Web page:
The high rates of observed handwashing at 2-weeks and 6-weeks (74%) after the intervention suggest that environmental nudges can have lasting effects on behaviors. External nudges may require pre-existing knowledge or behavioral intention to successfully trigger desired behavioral outcomes. It is beyond the scope of the study to determine if this latent knowledge of handwashing is due to targeted behavior change interventions or modeling behaviors in the home and other settings. Nudges may present a viable alternative to traditional messaging and behavior change communication programs when handwashing knowledge already exists. The potential synergies of combining the two approaches in school settings (education + nudges) requires further investigation.
Our pilot project was limited to just two schools based on budgetary constraints. Trials with a larger number of participating schools and over prolonged durations are needed in order to fully document the potential and limitations of environmental nudges. Schools with robust water infrastructure were selected in order to concentrate on the immediate environment surrounding handwashing—our intervention did not address underlying issues of water availability and inconsistent provision of materials that limit handwashing in many resource-constrained settings [17]. While our observations indicate that school custodians were active stewards of the intervention, the need to maintain school facilities and provide consistent access to handwashing materials over time must also be considered. Our sustained presence in the schools during construction and during handwashing observations may have altered students’ behaviors through social desirability bias [26] or reactivity [27,28] and teachers may have encouraged students to wash hands with soap. In a study in Kenya, reactivity to the presence of an observer increased handwashing rates by approximately 10% compared to covert video surveillance alone [27]. Future studies will utilize video cameras to monitor handwashing behavior to minimize reactivity. There is limited, mixed evidence that repeated observations may result in lasting changes in handwashing behaviors (a “Hawthorne effect”) [29,30], and our sustained presence in schools during infrastructure and nudge installation could have compounded this effect. However, the behavior change observed in students at 6 weeks following implementation is a compelling indicator that nudges can result in significant and lasting handwashing behavior change, although the long-term behavioral impacts require further investigation. The intervention components were maintained through the duration of our six-weeks of follow-up; however the long-term physical durability of our nudges—particularly the wearing of paint on footpaths and functioning of taps—requires further study.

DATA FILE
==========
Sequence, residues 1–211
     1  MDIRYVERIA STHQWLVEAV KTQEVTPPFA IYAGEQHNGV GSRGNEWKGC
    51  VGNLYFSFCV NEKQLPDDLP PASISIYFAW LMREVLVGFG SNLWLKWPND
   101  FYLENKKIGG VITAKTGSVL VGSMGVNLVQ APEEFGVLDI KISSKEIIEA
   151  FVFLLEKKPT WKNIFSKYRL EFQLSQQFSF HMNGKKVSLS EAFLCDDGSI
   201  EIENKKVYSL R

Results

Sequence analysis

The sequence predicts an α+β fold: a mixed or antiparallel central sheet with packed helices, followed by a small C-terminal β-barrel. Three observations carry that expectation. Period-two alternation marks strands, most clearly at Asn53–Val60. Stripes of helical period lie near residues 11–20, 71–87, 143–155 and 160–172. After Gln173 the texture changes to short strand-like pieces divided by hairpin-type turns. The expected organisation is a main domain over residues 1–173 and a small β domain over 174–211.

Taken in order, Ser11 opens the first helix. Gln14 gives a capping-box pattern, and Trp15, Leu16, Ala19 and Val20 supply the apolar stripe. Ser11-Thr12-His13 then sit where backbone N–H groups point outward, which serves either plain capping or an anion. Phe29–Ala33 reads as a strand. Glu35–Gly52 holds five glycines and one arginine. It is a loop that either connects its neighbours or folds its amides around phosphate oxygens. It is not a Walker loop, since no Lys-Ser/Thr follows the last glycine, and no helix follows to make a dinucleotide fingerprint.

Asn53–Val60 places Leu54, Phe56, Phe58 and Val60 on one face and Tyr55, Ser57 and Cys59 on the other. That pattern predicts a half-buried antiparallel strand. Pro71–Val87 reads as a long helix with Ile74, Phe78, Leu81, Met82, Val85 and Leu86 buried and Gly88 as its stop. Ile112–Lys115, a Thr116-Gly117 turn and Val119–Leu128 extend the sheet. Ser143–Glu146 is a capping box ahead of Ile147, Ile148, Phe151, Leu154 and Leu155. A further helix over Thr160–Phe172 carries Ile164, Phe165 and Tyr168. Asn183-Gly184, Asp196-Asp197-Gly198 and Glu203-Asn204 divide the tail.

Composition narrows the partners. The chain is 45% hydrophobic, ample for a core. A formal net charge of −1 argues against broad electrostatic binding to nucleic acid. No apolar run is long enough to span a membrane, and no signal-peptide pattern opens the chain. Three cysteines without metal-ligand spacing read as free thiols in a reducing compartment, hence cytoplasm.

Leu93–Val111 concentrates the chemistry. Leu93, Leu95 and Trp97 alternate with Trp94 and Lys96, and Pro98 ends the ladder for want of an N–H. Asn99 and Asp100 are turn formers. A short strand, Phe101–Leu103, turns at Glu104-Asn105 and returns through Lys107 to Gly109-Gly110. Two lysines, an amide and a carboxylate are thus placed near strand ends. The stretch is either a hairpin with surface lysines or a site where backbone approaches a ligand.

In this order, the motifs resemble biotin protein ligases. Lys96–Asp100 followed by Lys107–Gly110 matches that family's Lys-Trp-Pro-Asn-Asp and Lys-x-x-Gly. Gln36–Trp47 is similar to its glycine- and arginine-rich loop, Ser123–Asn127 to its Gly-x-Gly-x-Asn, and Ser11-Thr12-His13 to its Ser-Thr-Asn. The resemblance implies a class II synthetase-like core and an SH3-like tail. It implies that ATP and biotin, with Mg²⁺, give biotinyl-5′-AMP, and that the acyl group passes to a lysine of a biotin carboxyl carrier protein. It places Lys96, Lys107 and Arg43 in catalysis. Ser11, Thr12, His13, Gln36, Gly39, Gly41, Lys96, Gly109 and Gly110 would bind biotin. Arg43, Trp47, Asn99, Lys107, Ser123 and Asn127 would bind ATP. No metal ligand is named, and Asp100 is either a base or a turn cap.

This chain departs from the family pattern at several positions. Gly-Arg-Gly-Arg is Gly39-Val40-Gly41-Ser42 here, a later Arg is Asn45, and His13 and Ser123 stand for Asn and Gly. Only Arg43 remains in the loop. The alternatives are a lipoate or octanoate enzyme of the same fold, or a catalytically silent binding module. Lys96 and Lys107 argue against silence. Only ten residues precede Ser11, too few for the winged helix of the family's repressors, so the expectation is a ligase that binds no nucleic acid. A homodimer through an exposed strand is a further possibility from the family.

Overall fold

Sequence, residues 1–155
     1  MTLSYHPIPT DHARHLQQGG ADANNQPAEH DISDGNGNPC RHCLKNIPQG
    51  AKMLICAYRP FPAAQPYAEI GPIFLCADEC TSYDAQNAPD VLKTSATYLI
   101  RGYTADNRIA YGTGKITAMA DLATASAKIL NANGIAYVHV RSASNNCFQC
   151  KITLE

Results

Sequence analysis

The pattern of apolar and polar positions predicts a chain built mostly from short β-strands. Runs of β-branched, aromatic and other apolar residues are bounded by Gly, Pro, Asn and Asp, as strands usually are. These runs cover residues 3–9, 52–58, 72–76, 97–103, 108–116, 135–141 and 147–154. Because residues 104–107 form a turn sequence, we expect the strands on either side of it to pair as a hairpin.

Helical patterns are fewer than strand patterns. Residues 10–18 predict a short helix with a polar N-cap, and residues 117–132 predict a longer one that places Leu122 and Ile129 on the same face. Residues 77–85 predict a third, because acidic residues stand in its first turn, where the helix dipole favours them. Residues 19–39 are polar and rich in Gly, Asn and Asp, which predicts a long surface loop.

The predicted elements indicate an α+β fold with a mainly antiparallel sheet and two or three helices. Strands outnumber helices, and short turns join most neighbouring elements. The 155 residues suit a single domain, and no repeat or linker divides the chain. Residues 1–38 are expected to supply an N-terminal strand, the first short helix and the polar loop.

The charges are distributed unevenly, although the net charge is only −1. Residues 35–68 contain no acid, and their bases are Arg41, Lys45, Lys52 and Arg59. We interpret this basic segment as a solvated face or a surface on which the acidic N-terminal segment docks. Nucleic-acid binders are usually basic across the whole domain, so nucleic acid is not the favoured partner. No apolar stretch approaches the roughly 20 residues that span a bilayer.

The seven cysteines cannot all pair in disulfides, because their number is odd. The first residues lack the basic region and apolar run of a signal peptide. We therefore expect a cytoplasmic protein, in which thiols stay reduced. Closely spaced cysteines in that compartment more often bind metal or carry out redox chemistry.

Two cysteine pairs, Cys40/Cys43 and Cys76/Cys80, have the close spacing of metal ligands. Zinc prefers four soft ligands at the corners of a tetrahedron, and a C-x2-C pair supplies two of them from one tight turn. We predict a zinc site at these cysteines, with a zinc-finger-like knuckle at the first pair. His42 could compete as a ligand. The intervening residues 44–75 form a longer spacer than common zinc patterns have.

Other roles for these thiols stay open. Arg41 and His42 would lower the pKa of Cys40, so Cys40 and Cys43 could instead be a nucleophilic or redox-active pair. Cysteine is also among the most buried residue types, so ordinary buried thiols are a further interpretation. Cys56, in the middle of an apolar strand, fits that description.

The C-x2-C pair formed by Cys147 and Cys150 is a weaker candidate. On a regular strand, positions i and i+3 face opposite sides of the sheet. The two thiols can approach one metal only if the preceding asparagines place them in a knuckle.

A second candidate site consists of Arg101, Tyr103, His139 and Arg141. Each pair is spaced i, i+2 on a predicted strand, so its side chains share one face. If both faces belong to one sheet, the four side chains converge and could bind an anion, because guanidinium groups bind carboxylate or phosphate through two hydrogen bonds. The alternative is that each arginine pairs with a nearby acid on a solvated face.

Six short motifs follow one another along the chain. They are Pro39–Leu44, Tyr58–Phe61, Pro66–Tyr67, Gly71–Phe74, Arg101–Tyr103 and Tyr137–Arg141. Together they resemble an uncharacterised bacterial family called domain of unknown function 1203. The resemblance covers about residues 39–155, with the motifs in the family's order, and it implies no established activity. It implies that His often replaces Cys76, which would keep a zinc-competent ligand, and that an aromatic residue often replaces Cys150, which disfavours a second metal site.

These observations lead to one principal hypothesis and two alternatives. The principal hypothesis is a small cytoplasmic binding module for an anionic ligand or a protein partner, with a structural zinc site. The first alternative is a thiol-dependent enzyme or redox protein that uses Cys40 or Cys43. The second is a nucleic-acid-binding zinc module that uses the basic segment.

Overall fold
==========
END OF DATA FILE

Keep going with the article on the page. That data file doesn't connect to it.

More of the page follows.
5. Conclusions

Our proof-of-concept study has demonstrated that strategic environmental nudges can have a positive and potentially lasting influence on handwashing behaviors among school-aged children. Future studies in a larger number of schools will compare the behavioral impact of nudges against and in combination with motivational and/or educational messaging, explore the long-term sustainability of behavioral impacts, and investigate the potential for nudges to influence handwashing behaviors in domestic and other institutional settings.


Funding for this project was provided by the University of Oklahoma, Office of the Vice President for Research. We would like to graciously thank the head teachers and staff at the two schools where the intervention was completed for their cooperation and support. We thank Mr. Abdul Halim Mondol and Ms. Narsin Jahan for data collection and Chelsea Wynn for her support with data entry. We would also like to thank Talat Mahmud, Asad Sarker, Pobitra Barmon, and Abdullah Al Amin from Save the Children Bangladesh for their support during implementation.

Author Contributions

Robert Dreibelbis and Pavani K. Ram conceived of the initial study. Robert Dreibelbis and Kamal Hossain oversaw implementation and data collection. Robert Dreibelbis and Anne Kroeger analyzed the data. Mohini Venktatesh and Pavani K. Ram provided administrative and strategic guidance through the development and implementation of the project. Robert Dreibelbis and Anne Kroeger wrote the manuscript. All authors contributed to the interpretation of the data and read and approved the final manuscript.

Conflicts of Interest

The authors declare no conflict of interests.


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MDPI and ACS Style

Dreibelbis, R.; Kroeger, A.; Hossain, K.; Venkatesh, M.; Ram, P.K. Behavior Change without Behavior Change Communication: Nudging Handwashing among Primary School Students in Bangladesh. Int. J. Environ. Res. Public Health 2016, 13, 129.

AMA Style

Dreibelbis R, Kroeger A, Hossain K, Venkatesh M, Ram PK. Behavior Change without Behavior Change Communication: Nudging Handwashing among Primary School Students in Bangladesh. International Journal of Environmental Research and Public Health. 2016; 13(1):129.

Chicago/Turabian Style

Dreibelbis, Robert, Anne Kroeger, Kamal Hossain, Mohini Venkatesh, and Pavani K. Ram. 2016. "Behavior Change without Behavior Change Communication: Nudging Handwashing among Primary School Students in Bangladesh" International Journal of Environmental Research and Public Health 13, no. 1: 129.